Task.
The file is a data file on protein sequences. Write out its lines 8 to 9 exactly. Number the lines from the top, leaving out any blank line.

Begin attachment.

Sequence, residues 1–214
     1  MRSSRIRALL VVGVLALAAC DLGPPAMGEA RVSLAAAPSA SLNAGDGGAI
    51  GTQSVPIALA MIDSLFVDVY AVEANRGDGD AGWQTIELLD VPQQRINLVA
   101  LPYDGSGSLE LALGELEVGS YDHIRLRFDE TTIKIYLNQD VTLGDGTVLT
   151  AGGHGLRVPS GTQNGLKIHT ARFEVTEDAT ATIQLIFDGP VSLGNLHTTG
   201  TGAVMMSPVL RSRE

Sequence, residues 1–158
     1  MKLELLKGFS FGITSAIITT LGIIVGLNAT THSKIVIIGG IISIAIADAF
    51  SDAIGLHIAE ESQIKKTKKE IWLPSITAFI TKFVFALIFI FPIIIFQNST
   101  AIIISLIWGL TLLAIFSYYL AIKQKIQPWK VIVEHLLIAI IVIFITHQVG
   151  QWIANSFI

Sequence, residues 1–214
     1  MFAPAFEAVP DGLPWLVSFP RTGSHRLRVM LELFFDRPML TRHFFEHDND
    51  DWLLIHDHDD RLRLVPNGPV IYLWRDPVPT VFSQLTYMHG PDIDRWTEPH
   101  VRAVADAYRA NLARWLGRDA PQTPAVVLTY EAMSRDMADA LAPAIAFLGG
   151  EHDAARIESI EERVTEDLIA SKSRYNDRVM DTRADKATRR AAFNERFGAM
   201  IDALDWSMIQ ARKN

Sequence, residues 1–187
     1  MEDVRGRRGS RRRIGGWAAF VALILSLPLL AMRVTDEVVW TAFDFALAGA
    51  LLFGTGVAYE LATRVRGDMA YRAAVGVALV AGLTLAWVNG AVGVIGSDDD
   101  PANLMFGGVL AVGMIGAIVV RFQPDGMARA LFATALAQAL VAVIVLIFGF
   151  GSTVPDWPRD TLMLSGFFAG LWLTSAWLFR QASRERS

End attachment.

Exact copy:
     1  MKLELLKGFS FGITSAIITT LGIIVGLNAT THSKIVIIGG IISIAIADAF
    51  SDAIGLHIAE ESQIKKTKKE IWLPSITAFI TKFVFALIFI FPIIIFQNST